Many of us would be quick to say that God’s love is universal to all mankind. The majority of us grew up singing songs like “Jesus loves me” and “Jesus loves the little children” in which one line in the song states: “Jesus loves all the children of the world”.
This is something I struggled with recently that was spurred on by a few comments made on my post, Westboro Baptist No More. In the doctrine of election we know that God unconditionally chooses people before the foundation of the world to be adopted as sons and daughters in Christ. It would seem that it’s not exactly the easiest thing to reconcile the doctrine of election and God’s universal love.
In the Scriptures we read of God’s amazing love towards sinners, but normally it’s towards his people, the elect. Obviously God doesn’t love all people the same way. If he loved everyone in a saving manner, then all would be saved. But we know this is not true. Not all are saved.
British Baptist leader Erroll Hulse, dealing with this very question, has written,
How can we say God loves all men when the psalms tell us He hates the worker of iniquity (Psalms 5:5)? How can we maintain that God loves all when Paul says that He bears the objects of His wrath, being fitted for destruction, with great patience (Romans 9:22)? Even more how can we possibly accept that God loves all men without exception when we survey the acts of God’s wrath in history? Think of the deluge which destroyed all but one family. Think of Sodom and Gomorrah. With so specific a chapter as Romans [1,] which declares that sodomy is a sign of reprobation, could we possibly maintain that God loved the population of the two cities destroyed by fire? How can we possibly reconcile God’s love and His wrath? Would we deny the profundity of this problem? (Erroll Hulse, “The Love of God for All Mankind,” Reformation Today [Nov–Dec 1983], 18–19).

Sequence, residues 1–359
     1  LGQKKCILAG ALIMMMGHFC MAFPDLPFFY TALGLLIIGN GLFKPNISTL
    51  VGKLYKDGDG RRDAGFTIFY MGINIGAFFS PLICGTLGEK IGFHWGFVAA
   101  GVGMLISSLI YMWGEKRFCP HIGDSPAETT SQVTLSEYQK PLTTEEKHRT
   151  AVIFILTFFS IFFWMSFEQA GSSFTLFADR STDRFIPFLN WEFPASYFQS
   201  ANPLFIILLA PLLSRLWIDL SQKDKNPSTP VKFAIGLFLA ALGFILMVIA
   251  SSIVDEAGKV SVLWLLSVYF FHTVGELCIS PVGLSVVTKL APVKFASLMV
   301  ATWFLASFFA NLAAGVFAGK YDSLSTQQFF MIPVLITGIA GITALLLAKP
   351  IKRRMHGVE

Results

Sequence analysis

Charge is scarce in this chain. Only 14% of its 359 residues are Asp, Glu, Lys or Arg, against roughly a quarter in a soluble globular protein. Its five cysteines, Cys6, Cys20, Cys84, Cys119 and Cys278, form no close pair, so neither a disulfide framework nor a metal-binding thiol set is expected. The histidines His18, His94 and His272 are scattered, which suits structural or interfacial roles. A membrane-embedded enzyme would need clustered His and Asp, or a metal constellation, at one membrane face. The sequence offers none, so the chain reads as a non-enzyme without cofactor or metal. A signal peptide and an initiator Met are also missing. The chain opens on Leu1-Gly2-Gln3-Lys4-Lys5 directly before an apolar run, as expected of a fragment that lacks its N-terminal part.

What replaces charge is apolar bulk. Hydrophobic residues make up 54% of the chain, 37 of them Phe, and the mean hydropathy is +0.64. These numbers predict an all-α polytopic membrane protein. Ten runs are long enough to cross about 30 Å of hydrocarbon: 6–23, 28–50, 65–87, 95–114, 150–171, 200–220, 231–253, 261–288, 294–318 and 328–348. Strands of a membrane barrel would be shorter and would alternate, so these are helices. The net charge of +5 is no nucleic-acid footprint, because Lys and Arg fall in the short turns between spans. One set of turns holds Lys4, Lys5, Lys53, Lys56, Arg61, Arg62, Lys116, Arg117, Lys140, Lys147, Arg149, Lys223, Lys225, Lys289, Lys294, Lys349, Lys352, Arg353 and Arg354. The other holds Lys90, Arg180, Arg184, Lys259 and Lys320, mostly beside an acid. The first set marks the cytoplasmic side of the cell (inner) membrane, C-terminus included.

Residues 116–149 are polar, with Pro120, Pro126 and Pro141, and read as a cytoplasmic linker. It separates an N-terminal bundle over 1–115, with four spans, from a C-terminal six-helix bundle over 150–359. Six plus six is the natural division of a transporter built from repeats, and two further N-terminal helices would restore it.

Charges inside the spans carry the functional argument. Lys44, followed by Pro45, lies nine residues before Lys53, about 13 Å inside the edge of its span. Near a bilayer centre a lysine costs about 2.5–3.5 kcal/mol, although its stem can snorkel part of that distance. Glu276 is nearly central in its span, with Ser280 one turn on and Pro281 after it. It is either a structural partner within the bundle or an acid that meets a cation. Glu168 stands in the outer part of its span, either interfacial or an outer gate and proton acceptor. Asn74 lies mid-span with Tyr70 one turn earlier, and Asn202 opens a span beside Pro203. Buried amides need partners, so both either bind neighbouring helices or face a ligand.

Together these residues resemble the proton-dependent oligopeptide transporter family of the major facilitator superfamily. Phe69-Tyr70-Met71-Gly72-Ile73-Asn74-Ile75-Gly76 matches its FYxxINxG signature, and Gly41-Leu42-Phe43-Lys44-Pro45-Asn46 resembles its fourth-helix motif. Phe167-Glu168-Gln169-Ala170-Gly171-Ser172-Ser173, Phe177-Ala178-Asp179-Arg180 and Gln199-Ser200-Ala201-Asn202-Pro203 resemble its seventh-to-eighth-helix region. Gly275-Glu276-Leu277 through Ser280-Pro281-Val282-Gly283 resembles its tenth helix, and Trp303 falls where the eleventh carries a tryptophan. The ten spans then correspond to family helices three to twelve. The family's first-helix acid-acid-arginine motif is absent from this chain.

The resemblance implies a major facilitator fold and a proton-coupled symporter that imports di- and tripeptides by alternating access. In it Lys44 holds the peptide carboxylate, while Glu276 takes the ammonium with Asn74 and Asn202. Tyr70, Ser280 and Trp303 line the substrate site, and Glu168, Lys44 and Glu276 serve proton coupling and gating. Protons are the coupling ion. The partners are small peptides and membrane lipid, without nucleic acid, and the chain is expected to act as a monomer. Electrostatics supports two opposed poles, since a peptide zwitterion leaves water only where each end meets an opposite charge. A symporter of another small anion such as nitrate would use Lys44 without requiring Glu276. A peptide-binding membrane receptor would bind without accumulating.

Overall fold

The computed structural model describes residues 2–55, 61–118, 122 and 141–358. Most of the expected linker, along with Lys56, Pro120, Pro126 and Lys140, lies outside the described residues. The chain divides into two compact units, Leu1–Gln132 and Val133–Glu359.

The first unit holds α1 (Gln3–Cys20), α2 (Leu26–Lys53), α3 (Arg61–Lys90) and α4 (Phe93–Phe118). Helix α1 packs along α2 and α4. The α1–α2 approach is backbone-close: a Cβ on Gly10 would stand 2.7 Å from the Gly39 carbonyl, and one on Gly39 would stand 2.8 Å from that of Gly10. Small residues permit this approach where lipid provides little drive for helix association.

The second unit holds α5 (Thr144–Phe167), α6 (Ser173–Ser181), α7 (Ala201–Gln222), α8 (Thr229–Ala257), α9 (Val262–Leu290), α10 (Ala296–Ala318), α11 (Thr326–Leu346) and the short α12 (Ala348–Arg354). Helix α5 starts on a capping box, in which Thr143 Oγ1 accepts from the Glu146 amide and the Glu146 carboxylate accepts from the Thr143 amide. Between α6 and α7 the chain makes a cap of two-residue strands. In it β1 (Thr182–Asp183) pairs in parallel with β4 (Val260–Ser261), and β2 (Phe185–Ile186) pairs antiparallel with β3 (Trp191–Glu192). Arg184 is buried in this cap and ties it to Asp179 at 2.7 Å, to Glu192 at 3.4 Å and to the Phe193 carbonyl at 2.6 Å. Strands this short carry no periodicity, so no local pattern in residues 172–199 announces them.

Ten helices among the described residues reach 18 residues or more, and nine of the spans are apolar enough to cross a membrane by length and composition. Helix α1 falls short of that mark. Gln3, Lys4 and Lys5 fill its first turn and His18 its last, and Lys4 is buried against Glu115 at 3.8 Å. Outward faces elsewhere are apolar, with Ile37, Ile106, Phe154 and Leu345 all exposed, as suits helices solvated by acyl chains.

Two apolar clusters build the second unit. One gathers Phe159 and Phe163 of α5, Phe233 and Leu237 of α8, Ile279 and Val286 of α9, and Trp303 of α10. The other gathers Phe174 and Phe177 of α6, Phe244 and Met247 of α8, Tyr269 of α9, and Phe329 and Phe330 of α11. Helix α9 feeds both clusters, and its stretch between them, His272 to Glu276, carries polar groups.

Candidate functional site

Yet, Hulse recognizes that if we look at the Scriptures, there is no escaping that God loves all human kind, even the ones he will condemn. “The will of God is expressed in unmistakable terms,” Hulse writes. “He has no pleasure in the destruction and punishment of the wicked” (Ez. 18:32; 33:11). Hulse also references Matthew 23:37, where Jesus weeps over the city of Jerusalem, then says, “We are left in no doubt that the desire and will of God is for man’s highest good, that is, his eternal salvation through heeding the gospel of Christ.”This is one of the things that irks me most about Westboro Baptist. They take bits and pieces from the Scripture and form their understanding based upon select verses rather than from the whole text. As Christians we are called to declare the “whole counsel of God” (Acts 20:27). In Paul’s second letter to Timothy we read that, “All Scripture is breathed out by God and profitable for teaching, for reproof, for correction, and for training in righteousness” (2 Timothy 3:16). We can’t build a comprehensive theology out of a few select verses. If we do, then by definition, it is something less than Christianity. With Psalms 5:5 in our head we can’t start picketing dead soldier funerals holding signs that read, “Thank God for dead soldiers”. Well then: How would Jesus treat those who will reject him their entire life?
In Mark 10 we read the story of the rich young man. The young man approaches Jesus inquiring how he can possess eternal life. He claims he has kept the law in its whole from youth. Jesus then says, “You lack one thing: go, sell all that you have and give to the poor, and you will have treasure in heaven; and come, follow me.” We read that the man loved his possessions greatly and left disheartened. He loved his stuff more than he wanted eternal life, more than he wanted to follow Jesus. One line we often skip over in Mark 10:21 is; “Jesus, looking at him, loved him”. We see here that Jesus loved this man even though, by what we read in the Scriptures, the man never repents of his unbelief. Jesus obviously loved this man, an open, non-repentant sinner. He loved him.